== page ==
Raising the pulse of European cropping systems
Interested in learning more about home grown protein crops but don’t know where to look? There has been a growing interest in home produced protein for many years, but European agriculture continues to depend on imported soya for livestock feed.
Did you know?
- Around 14 million tonnes of soya beans and 18 million tonnes soya meal are imported annually to Europe (5 year running mean).
- That represents 13.5 million hectares (ha) of land…
- The EU is 5% self-sufficient in soya bean meal, compared to 79% for rapeseed meal (FEFAC, 2017).
- Soya is an oil crop and the protein is a co-product – that affects its price.
So, what can we do to produce more grain legumes in the UK? In the Legume Gap project, we have been trying to understand why there is a yield gap (meaning a difference in yield) between grain legumes grown on-farm and the potential yield of those crops under ideal conditions. To uncover more about this mystery, we have been talking to people, digging into the literature, modelling crop yields, and doing experiments in 8 countries across Europe. You might even have contributed to our survey!
There is anecdotal evidence that experience matters when it comes to growing grain legumes – don’t give up if the crop isn’t a huge success in year one. Trial results from Aberdeen showed that inoculation of faba bean can really make a difference even though conventional wisdom said it shouldn’t be necessary. We went from a complete crop failure to yields of up to 8.21 tonnes per ha in an organic system by using a suitable inoculant. This is backed up by the literature from across Europe which shows a 1.6-fold increase in yield from using an inoculant. Interestingly, faba beans respond to different tillage regimes with no till systems increasing yields by 25%, while minimum tillage tended to slightly reduce yields. Full results of the survey sharing what farmers in different countries see as barriers and enablers to faba and soya production will be available soon.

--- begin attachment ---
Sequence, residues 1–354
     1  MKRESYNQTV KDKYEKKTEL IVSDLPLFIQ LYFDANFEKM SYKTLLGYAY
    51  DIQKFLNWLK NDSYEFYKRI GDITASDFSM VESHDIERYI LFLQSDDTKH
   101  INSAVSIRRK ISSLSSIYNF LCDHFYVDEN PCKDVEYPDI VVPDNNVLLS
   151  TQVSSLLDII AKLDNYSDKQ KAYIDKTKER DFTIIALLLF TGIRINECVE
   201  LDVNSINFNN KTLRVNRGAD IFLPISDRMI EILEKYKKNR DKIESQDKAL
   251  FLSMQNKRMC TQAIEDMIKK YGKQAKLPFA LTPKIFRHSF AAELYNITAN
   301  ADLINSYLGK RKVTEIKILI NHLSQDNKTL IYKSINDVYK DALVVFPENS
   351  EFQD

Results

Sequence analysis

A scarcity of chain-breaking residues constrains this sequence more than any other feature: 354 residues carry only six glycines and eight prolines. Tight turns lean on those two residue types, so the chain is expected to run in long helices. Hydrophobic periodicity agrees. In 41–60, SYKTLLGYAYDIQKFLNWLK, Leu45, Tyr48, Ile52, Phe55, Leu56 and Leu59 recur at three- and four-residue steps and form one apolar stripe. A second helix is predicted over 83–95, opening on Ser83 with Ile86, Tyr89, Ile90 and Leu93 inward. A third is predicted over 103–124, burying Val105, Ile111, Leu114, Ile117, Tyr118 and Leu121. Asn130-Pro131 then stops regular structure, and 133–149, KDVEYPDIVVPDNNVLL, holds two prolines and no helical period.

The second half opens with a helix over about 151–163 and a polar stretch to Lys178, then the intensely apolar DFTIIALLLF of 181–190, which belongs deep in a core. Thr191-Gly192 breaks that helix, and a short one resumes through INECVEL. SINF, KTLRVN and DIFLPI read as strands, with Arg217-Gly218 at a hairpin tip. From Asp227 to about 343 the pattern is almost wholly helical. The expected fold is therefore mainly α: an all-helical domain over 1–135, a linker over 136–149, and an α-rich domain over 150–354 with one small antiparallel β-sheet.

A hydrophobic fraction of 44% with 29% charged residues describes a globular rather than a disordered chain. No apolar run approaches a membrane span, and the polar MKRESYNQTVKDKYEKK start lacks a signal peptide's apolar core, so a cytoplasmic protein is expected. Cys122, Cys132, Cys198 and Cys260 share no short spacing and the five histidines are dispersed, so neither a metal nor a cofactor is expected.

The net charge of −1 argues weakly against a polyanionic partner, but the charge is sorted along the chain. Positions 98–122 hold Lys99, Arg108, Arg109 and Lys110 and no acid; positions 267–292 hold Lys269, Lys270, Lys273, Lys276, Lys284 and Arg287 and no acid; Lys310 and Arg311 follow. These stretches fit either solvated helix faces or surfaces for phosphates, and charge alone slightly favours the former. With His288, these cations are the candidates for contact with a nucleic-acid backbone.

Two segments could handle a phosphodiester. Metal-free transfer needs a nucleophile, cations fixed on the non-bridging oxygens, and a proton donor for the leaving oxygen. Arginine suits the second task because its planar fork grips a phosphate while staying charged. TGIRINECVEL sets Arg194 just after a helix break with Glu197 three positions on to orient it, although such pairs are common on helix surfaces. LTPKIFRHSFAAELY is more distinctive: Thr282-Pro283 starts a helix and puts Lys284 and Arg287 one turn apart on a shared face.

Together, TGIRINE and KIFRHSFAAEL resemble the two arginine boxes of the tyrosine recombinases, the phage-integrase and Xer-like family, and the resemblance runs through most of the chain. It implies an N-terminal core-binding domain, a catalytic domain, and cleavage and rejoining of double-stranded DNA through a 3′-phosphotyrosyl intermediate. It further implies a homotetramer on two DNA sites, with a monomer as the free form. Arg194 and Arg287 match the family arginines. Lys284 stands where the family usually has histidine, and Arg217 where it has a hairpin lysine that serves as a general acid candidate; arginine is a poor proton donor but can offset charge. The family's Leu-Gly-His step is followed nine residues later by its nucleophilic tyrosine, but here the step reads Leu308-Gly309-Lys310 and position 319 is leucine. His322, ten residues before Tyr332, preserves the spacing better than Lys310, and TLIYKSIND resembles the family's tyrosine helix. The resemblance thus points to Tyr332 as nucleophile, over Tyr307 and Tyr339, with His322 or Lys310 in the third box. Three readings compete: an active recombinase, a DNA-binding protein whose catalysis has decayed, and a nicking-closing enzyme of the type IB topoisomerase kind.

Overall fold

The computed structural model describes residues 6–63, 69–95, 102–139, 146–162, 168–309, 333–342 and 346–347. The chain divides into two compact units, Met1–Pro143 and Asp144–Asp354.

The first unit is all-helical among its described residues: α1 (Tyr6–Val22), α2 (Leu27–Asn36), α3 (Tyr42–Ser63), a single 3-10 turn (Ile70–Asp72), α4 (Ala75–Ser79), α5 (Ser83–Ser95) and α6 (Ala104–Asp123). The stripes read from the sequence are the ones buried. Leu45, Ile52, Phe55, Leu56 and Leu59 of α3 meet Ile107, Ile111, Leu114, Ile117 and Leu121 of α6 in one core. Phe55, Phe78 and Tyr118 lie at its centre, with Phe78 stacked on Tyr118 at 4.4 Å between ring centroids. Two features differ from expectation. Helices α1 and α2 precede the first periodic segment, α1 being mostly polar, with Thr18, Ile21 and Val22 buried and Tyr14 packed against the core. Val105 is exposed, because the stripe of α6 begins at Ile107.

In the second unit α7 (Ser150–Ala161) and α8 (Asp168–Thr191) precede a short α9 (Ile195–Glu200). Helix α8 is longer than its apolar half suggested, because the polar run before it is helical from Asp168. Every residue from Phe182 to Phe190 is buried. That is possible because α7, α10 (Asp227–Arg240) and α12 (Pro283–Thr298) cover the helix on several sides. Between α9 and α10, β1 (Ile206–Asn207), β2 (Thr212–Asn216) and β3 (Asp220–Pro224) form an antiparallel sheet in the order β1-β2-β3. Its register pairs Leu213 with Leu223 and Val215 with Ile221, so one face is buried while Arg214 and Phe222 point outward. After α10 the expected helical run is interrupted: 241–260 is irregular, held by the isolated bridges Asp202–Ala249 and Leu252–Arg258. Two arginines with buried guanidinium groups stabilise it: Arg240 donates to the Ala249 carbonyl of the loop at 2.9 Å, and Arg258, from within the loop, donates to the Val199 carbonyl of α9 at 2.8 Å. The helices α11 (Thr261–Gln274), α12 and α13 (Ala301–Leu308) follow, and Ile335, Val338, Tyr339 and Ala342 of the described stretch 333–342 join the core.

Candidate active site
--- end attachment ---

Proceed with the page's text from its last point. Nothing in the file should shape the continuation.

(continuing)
Growing grain legumes as intercrops with cereals has the added advantage of increasing the protein content of the companion cereal. For example, in Scottish experiments in 2016, barley grown with beans had a protein content of 13.5% compared with 8.9% when grown alone. The comparable figures were 10.9% for barley grown with lupins and 11.3% for barley grown with peas. Definitely food for thought!
If you are interested in learning more about intercropping then there are an informative set of policy briefs produced by the Horizon 2020 project ReMIX on aspects of intercropping related to crop health, nutrient management and harvesting. Can we harvest intercrops successfully and maintain grain quality? Yes, we can! In the ReMIX project, French colleagues working in INRAe were able to improve the quality and the price of intercropped grains simply by optimising the settings on the combine. Read more on this interesting story here.
Of course, we shouldn’t forget the added value that grain legumes bring to the cropping system. The ability of these crops to utilize or ‘fix’ atmospheric nitrogen via bacteria living in nodules on their root systems (biological nitrogen fixation) means they can help reduce dependence on manufactured nitrogen fertilisers. This can represent a significant saving in financial and environmental terms if you grow legumes one year in every five or six. The amount of nitrogen left behind in the soil for the next crop varies but beans leave more than peas behind them. Of course, nitrogen-rich residues left behind in the soil can also create a risk of losses of nitrogen and this needs careful management. All the grain legumes are very attractive to pollinators and thus help on the biodiversity front. Nor should we forget the ‘break’ crop value of grain legumes in cereal dominated rotations. Not only do they have different disease susceptibility, but in conventional systems they also allow the use of different crop protection chemicals. Unfortunately, no crop is all good news and we do need to be aware of the susceptibility of these crops to pests and diseases.
The knowledge base on grain legume production in the UK and Europe is growing and one great resource that has been developed through the EU project Legumes Translated is the Legume Hub. It has special interest sections on faba bean, lucerne, lupins, peas and soybean, and covers the whole chain from production to consumption by humans and livestock with blogs, vlogs and other good reads. It has been developed by a community meaning that you can become a member of the hub and contribute your knowledge too.
Christine Watson is Professor of Agricultural Systems at SRUC. She writes of herself:
“My career started with a degree in soil science at Reading University. A year out working in an agricultural research laboratory and trying to measure gaseous nitrogen emissions from soil convinced me I would like a career in research. My first job after graduating was working on nutrient cycling on organic farms at Aberystwyth University and from there my interest in, and knowledge of, both organic and conventional agriculture has continued to grow. I moved to Aberdeen and worked on agroforestry at the Macaulay Land Use Research Institute before joining SRUC (then SAC). I am still with SRUC as Professor of Agricultural Systems, but I also hold a guest professorship in the Swedish University of Agricultural Sciences. I continue to be fascinated by soil and nutrient management in both a local and a global context.”
All images courtesy of Christine Watson. All Rights Reserved